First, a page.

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Hollywood calling Mel & Spidey: Please come back! We love you!
Posted By Ted Baehr On 07/15/2005 @ 1:00 am In Commentary | Comments Disabled
Editor’s note: Dr. Tom Snyder contributed to this column.
The summer movie season is upon us, and everyone in Hollywood is worried about the lackluster showing of this year’s crop of blockbusters and movies. What the secular film critics won’t tell you, however, is the politics and theology behind this year’s big movies.
Last year’s list of popular movie releases included such patriotic, moral, conservative, and even Christian movies like “Spider-Man 2,” “Collateral,” “Shrek 2,” and “The Passion Of The Christ.” It also included such audience favorites as “I, Robot,” not to mention popular fall and holiday releases like “National Treasure,” “The Polar Express” and, last but not least, “The Incredibles.”
Compare popular movies like these with this year’s failures like “Kingdom Of Heaven,” “Fantastic Four,” “Bewitched,” and “Land Of The Dead.”
“Kingdom Of Heaven” contains an anti-Christian theme that elevates a warmongering Muslim, Saladin, above Christian religious leaders during the Crusades. “Fantastic Four” contains a humanist worldview that pushes a materialistic scientific philosophy favoring evolution. “Bewitched” is an occult movie about witchcraft with a feminist spin. Finally, “Land Of The Dead,” which should have been able to capitalize on current popular horror-movie trends, contains a left-wing, anti-capitalist and anti-American ideology.
In contrast to this, “Spider-Man 2″ and “National Treasure” have patriotic, pro-American themes. “The Incredibles” extols pro-American, middle-class, suburban, family values. Unlike “Bewitched,” “Shrek 2″ rejects the use of magic and witchcraft, and uplifts the Christian value of self-sacrifice over selfishness. Finally, “The Passion Of The Christ” presents the Gospel of Jesus Christ in a clear, profound, emotionally powerful manner. It also ends with one of the most joyous and dramatic scenes ever put in a blockbuster movie – the Resurrection of Jesus Christ. Even a problematic movie like “I, Robot” had some redemptive, moral and uplifting content in it.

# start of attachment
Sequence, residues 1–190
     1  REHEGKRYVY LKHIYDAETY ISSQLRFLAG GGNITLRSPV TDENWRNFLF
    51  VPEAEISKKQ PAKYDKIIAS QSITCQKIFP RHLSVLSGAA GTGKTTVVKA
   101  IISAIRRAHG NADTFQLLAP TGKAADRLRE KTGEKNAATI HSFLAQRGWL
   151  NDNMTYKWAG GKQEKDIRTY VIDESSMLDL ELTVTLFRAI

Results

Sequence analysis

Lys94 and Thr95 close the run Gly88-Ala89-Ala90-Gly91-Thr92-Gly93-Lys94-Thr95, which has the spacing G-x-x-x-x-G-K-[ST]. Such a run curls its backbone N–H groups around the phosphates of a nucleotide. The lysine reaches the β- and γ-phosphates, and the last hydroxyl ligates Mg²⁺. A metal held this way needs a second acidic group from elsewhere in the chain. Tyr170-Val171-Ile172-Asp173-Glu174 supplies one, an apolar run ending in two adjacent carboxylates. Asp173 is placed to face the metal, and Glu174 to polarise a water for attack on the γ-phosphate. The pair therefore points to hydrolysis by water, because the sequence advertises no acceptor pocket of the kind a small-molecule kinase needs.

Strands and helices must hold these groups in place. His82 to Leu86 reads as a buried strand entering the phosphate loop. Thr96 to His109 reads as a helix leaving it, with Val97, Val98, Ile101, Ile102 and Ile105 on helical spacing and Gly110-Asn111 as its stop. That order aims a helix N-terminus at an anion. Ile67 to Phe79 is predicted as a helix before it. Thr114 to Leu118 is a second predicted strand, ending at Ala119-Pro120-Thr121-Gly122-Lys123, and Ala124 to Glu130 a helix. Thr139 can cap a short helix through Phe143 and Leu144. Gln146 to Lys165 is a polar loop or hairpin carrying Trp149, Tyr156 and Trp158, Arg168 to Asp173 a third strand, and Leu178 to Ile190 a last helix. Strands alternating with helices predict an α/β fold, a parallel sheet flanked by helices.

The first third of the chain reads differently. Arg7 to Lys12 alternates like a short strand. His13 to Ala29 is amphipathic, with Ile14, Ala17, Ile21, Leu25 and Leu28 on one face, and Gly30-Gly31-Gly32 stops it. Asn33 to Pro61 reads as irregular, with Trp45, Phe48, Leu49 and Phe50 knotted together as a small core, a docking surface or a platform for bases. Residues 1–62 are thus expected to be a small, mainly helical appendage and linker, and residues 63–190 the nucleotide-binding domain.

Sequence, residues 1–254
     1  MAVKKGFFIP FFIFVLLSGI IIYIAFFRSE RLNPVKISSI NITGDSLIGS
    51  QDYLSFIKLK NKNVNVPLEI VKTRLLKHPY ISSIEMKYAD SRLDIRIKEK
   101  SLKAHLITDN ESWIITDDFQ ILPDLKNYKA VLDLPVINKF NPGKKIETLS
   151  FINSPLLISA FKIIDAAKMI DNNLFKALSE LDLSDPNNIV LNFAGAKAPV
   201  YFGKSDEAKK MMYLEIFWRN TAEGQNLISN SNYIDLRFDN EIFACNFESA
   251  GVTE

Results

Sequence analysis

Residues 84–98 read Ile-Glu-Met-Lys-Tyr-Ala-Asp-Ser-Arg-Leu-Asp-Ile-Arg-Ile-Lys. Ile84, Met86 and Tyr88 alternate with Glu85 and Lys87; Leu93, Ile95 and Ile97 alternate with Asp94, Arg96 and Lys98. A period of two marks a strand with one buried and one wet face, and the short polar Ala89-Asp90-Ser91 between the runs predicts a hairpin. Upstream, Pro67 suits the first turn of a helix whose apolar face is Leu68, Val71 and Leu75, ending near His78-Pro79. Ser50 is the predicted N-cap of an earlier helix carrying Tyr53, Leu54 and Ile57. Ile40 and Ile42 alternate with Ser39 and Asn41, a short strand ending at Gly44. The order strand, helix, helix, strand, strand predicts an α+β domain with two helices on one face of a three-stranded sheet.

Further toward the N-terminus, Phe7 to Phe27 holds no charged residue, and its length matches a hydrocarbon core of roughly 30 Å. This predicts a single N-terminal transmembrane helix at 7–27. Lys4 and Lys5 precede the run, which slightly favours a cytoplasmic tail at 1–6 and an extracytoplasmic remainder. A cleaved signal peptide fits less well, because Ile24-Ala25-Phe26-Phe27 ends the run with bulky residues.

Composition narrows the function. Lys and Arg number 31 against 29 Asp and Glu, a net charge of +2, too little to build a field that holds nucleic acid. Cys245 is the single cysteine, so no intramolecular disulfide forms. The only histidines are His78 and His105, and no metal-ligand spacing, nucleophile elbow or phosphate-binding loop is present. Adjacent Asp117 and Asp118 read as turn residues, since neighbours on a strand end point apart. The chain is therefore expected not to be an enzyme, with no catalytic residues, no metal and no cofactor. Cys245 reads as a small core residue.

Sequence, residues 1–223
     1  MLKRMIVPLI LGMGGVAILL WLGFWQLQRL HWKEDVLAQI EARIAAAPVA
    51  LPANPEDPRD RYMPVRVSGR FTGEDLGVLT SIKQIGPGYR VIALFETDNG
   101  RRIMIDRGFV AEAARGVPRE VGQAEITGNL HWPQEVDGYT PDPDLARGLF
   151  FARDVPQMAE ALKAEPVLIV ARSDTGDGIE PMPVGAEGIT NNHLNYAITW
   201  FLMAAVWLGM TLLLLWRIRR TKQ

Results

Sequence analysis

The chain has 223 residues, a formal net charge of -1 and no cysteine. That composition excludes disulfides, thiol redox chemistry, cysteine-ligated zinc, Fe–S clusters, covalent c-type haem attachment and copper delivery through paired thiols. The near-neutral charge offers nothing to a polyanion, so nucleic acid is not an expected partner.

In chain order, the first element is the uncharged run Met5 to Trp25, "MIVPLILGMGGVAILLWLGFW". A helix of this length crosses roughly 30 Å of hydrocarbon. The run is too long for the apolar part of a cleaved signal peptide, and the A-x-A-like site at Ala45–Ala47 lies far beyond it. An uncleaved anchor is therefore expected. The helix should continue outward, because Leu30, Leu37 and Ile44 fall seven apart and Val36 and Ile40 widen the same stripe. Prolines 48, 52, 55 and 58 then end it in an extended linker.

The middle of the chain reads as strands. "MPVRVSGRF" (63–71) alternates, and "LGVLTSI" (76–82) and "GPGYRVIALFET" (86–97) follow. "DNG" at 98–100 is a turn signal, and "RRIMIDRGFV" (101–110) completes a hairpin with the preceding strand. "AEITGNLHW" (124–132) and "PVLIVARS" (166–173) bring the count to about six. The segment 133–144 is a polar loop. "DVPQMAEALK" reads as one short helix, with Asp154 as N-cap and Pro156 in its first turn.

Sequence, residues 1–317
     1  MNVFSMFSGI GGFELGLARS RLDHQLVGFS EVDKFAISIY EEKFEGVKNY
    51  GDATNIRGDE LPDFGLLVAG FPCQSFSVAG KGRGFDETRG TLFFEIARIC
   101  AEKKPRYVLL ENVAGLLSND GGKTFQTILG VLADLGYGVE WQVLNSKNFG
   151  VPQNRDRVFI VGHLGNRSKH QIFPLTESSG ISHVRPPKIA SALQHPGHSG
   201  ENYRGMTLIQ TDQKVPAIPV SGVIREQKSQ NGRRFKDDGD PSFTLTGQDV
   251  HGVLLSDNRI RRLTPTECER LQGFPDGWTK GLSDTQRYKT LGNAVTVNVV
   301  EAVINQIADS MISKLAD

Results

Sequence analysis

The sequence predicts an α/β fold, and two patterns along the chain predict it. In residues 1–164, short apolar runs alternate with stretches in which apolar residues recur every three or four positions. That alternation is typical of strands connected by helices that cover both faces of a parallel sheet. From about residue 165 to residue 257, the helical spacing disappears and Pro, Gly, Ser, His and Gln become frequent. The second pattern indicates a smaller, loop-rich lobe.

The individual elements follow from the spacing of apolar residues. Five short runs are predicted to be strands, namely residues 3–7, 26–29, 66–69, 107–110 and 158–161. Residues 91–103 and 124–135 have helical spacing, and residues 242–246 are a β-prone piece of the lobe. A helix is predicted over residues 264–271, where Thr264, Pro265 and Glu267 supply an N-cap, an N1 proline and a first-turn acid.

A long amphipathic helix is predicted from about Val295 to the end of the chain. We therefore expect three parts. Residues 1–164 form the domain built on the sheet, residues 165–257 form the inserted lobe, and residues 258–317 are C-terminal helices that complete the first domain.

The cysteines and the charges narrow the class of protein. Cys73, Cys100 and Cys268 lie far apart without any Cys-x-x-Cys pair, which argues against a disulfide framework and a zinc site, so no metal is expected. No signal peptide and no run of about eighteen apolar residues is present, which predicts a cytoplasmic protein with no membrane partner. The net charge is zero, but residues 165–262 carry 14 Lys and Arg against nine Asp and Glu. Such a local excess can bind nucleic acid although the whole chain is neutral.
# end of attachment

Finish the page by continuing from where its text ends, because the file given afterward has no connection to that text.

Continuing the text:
Now, look at this year’s small crop of top movies at the box office.
Besides the epic heroics of “Star Wars III,” the most popular movies so far this year include “Hitch,” “Madagascar” and “Batman Begins.”
“Hitch” is a very funny comedy that supports committed, long-lasting, heterosexual relationships.
“Madagascar” is a family movie with conservative values that teaches viewers to do the right thing. It refutes the whole “noble savage” philosophy of French intellectual Jean-Jacques Rousseau, a philosophy that most of today’s liberals share, by urging its heroic creatures to adopt self-discipline and other Christian virtues.
“Batman Begins” is also a movie with conservative values. The hero is extremely rich with inherited wealth who has a strong sense of noblesse oblige to defeat the gangsters and villains who prey on the misery of other citizens, including the poor. Noblesse oblige is a Christian notion whereby to whom much is given, much is required, so that the wealthy and the blessed have a moral, biblical and Christian duty to be honorable, generous and responsible. There’s certainly no socialist message in “Batman Begins.” In fact, the government is just as corrupt as the villains.
Even a supposed failure like “Cinderella Man,” a movie with positive family values and Christian virtues, can be viewed in this context. First, contrary to People magazine and Hollywood’s celebrity machine, the two leads in the movie are not really as popular with moviegoers and the American public as we have been lead to believe.
Second, “Cinderella Man” is a drama opening at the wrong time of the year. Even then, it’s made more money so far this year than any other drama that Hollywood has released. It certainly has made more money in America than “Bewitched,” “Kingdom Of Heaven” and “Land Of The Dead.” Finally, “Cinderella Man” is a boxing movie with plenty of realistic boxing violence and a lot of foul language, even for a PG-13 movie. That makes the movie a hard sell to America’s vast audience of church-going families.
Much more could be said, of course, about all of these movies. The fact remains, however, that, if Hollywood wants to recover from this year’s ongoing box office slump, it needs to start releasing positive, uplifting movies with patriotic, pro-American, conservative, Christian values.
Perhaps, one day, we will hear this from the Hollywood entertainment machine:
Hollywood to Mel Gibson: Please come back! We forgive you!
A farfetched story, you say? Maybe. But, much less farfetched than the pro-Muslim revisionist history in “Kingdom Of Heaven.”
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